Daughtry – Dearly Beloved (Album Review)

Daughtry – Dearly Beloved (Album Review)

For those who do not recall the history, the American Rock band Daughtry came together way back in 2006 following Chris Daughtry appearance as one of the finalists on American Idol. Separating themselves from the glossy talent show pigeonhole, Chris and his band solidified themselves with hit songs like “It’s Not Over” and “Home.” Now, over 15 years later, they are back with their sixth full-length studio album, Dearly Beloved out on Friday, September 17, 2021 via Dogtree Records. 

A band known for their energetic and powerful yet heartfelt music, this is exactly what you can expect with Dearly Beloved. Featuring 13 songs that span approximately 50-minutes, the talented lineup – lead by Chris Daughtry and featuring Josh Paul on bass, Brian Craddock on guitar, Josh Steely on guitar, Elvio Fernandes on keyboards, along with Brandon Maclin on drums – take their time in telling beautiful tales that will melt as they reach deep underneath the skin. In fact, the opening song “Desperation” is a thoughtful and melancholic offering that begins the LP in an emotional fashion. 

The following track, “World On Fire,” is more upbeat and filled with Rock undertone, while the lyrics relay a vivid story that borders on a fairytale. It is definitely worth it to listen closely! The same goes for “Heavy is the Crown” before the hopefully “Changes Are Coming,” and “Somebody” which delivers another slow, thoughtful yet moment.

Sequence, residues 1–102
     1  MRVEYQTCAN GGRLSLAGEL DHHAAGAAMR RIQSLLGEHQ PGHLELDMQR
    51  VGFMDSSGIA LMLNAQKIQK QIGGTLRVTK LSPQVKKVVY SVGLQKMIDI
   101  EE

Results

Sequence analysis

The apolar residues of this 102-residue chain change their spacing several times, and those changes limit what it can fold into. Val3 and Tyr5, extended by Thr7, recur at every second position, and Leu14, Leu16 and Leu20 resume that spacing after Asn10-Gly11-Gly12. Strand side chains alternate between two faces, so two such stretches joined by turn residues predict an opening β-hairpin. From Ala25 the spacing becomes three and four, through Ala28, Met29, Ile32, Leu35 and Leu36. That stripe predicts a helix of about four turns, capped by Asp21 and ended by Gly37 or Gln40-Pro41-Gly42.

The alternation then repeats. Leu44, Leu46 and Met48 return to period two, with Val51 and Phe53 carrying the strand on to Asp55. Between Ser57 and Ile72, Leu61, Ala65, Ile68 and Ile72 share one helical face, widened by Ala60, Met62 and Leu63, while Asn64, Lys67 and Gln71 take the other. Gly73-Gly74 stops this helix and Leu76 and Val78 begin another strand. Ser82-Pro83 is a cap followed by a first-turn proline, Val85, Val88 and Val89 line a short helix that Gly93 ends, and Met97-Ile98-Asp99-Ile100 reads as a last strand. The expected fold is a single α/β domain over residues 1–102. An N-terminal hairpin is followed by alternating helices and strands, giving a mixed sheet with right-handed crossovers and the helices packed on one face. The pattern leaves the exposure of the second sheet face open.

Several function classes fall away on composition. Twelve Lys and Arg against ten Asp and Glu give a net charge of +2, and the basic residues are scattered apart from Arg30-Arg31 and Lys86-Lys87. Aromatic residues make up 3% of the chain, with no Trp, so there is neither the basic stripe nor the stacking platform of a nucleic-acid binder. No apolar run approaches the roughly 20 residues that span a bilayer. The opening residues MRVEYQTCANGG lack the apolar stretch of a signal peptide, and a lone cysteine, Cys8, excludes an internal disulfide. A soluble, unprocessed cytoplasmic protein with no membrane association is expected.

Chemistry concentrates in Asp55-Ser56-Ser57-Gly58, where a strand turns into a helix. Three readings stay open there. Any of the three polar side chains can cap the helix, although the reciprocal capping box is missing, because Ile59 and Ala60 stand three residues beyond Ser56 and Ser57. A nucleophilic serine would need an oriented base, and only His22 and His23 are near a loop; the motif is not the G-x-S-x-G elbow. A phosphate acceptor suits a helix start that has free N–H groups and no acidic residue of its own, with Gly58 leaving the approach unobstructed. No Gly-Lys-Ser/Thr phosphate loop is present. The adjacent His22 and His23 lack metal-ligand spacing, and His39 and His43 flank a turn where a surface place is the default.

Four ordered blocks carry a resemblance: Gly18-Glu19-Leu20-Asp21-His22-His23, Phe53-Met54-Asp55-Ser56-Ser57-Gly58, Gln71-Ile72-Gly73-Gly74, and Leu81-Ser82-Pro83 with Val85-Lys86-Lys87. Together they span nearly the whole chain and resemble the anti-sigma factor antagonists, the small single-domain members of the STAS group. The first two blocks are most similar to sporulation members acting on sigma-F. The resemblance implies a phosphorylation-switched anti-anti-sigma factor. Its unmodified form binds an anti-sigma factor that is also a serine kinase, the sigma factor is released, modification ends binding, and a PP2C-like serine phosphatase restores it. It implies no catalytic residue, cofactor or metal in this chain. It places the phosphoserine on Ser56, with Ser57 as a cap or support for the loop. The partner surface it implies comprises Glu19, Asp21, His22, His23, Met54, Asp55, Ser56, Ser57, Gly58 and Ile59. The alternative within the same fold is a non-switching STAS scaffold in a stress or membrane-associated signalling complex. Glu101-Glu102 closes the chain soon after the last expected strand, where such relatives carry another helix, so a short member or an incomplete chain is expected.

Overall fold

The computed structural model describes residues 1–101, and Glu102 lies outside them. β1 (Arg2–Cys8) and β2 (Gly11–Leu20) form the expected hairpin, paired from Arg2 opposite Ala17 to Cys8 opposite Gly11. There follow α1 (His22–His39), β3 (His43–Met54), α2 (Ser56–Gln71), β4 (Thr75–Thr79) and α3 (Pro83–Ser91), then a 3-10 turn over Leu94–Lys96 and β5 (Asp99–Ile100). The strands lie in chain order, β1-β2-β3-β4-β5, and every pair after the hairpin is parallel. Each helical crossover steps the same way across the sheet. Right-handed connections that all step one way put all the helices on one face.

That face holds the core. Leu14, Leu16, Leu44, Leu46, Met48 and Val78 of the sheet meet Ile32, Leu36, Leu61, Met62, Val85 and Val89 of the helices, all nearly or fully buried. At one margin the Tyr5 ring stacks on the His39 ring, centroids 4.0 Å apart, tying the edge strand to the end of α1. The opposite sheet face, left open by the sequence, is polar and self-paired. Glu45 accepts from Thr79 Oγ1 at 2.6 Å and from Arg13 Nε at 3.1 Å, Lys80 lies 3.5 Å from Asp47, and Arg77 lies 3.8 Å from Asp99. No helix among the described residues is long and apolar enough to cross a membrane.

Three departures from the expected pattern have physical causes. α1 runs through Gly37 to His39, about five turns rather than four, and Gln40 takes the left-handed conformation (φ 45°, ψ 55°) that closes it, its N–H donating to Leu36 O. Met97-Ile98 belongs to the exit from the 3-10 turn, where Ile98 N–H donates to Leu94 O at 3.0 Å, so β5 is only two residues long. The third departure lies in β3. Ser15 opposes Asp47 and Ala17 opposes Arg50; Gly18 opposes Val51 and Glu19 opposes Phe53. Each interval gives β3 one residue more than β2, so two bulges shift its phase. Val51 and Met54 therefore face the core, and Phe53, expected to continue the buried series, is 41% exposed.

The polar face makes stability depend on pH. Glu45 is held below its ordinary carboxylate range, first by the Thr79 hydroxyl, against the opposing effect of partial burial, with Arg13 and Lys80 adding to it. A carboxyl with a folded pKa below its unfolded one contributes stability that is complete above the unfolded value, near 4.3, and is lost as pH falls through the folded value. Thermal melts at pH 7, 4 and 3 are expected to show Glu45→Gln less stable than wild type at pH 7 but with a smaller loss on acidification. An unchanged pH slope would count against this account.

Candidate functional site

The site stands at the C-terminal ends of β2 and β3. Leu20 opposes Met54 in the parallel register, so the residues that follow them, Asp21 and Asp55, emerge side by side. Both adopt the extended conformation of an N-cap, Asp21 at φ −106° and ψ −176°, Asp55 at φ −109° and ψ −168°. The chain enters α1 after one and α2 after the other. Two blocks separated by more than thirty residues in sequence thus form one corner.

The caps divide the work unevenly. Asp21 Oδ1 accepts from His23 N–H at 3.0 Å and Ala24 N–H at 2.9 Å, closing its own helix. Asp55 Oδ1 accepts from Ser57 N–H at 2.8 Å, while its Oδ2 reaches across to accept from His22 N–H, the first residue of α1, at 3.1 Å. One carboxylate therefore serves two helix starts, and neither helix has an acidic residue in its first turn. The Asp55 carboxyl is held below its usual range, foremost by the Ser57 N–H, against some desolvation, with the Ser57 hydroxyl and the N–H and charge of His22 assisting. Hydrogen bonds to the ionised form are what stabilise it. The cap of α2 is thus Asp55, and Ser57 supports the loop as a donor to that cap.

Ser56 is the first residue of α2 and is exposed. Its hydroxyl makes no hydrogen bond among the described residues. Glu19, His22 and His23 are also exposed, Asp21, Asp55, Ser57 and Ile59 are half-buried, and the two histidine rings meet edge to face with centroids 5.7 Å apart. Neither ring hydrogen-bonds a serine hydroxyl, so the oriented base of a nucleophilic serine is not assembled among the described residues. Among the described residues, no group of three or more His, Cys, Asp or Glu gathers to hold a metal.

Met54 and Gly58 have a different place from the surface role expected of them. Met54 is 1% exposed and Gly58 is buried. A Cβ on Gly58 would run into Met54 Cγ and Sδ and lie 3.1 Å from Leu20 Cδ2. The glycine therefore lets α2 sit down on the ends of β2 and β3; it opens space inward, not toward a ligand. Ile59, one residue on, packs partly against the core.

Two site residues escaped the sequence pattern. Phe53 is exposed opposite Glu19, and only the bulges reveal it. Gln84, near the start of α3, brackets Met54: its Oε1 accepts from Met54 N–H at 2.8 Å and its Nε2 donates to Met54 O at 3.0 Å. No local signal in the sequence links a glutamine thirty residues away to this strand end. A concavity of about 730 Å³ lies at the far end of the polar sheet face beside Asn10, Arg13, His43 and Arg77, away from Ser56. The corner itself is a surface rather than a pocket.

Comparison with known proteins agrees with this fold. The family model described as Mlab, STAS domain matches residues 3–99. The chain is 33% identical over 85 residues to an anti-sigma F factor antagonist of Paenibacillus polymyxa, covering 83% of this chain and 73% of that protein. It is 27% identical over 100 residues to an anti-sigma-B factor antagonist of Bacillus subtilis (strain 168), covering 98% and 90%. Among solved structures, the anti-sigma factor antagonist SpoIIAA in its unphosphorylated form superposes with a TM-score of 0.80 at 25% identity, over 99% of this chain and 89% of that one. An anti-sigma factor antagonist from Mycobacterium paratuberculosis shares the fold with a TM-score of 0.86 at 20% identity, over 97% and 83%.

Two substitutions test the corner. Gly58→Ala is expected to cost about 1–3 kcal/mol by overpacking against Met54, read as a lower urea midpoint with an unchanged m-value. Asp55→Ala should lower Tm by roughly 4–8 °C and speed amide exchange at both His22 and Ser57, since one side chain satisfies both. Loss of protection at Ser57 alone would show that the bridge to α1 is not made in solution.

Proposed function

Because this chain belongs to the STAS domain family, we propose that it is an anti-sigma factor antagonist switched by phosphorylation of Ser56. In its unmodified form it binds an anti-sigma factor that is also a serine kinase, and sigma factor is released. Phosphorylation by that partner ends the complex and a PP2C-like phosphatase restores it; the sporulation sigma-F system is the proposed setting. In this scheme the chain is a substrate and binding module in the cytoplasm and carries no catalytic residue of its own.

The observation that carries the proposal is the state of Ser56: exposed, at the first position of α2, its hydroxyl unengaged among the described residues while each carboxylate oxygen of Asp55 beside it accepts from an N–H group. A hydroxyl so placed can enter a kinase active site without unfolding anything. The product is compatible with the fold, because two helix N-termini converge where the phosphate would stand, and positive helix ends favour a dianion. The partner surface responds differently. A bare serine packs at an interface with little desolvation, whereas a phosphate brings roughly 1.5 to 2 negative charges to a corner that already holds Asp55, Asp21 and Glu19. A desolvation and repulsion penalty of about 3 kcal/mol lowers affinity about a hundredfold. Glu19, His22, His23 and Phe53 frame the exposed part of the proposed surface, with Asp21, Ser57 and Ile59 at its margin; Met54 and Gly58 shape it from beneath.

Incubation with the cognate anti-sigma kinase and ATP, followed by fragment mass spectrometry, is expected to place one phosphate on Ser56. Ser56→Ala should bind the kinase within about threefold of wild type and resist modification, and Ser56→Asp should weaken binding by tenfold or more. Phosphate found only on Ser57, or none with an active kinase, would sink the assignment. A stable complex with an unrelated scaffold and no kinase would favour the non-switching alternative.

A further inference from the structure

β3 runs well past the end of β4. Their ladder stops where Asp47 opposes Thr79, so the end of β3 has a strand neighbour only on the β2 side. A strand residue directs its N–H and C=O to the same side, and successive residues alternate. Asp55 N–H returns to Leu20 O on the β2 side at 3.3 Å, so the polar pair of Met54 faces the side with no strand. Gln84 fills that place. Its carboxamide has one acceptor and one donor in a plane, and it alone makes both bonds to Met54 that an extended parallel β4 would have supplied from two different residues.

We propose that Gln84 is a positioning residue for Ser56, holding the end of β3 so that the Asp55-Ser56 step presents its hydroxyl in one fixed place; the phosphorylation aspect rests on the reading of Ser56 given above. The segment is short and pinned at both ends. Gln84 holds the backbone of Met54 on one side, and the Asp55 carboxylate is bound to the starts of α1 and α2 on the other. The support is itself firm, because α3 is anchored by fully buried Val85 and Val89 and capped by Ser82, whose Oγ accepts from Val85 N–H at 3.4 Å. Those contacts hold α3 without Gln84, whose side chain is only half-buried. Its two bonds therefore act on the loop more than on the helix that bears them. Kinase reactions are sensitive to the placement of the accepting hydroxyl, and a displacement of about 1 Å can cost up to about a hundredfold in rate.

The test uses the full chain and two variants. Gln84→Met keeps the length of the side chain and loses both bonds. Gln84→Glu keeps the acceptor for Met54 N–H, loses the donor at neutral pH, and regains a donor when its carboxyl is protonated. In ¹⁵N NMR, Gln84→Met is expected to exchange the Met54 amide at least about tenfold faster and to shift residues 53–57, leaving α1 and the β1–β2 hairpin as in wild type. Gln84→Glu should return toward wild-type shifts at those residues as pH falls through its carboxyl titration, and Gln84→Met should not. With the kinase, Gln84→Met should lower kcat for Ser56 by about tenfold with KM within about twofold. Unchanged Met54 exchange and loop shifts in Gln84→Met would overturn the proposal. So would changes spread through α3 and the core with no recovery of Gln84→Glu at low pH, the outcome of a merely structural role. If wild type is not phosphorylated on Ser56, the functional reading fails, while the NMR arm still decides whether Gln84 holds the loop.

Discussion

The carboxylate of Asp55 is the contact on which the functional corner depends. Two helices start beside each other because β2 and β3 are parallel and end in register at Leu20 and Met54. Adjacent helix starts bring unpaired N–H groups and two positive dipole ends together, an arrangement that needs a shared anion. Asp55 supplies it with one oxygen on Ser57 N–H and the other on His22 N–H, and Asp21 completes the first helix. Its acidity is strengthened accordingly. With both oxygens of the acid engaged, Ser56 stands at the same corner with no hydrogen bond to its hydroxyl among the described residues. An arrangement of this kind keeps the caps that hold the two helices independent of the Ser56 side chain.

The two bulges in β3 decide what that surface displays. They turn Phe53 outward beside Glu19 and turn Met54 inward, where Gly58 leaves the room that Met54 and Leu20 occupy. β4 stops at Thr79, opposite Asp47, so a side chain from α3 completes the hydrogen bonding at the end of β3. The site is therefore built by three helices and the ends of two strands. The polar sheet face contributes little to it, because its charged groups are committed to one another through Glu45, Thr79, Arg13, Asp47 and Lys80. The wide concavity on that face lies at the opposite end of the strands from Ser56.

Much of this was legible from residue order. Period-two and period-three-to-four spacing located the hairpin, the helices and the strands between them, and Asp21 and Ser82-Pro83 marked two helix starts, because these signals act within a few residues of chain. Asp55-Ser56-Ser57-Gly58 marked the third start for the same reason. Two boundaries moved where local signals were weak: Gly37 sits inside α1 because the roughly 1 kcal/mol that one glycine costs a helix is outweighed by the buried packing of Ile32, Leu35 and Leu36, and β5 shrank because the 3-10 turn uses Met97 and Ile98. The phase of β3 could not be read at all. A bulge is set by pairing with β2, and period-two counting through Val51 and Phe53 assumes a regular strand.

Continuing to weigh extremely heavy on the heart are cuts such “Lioness,” the title-track “Dearly Beloved,” and “Cry For Help.” In this, the second half of the album seems to usher in a calmer vibe than the first, with the last four songs offering an experience that is quite melancholic. Meanwhile, the midway point is certainly more energetic and loaded with Rock music. Here you will find “Asylum,” one of the harsher songs of the album, with loud vocals plus heavy guitars on the bridge and chorus, followed by “Evil,” which might have a calmer verse, but with a chorus that comes blasting without an apology. Then there is “Victim” which is also one of the rougher tracks before the less intense, but no less appealing “Somebody” and “Call You Mine.”

Overall, this album has its ups and downs, just like life itself. You could say that Daughtry has created a fitting soundtrack for heartache and heartbreak. Each moment digs deep underneath your skin and will touch your heart in one way or another. The slower, melancholic tunes might cause some sobs, or at least some sighs, especially closing track “Break Into My Heart,” which leaves behind a void. So, let Daughtry take you by the hand (and heart), and perhaps consider getting a new bucket of ice cream before you press play again… because it is is going to be an emotional journey. For this, Cryptic Rock gives Dearly Beloved 5 out of 5 stars.

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Nina Mende
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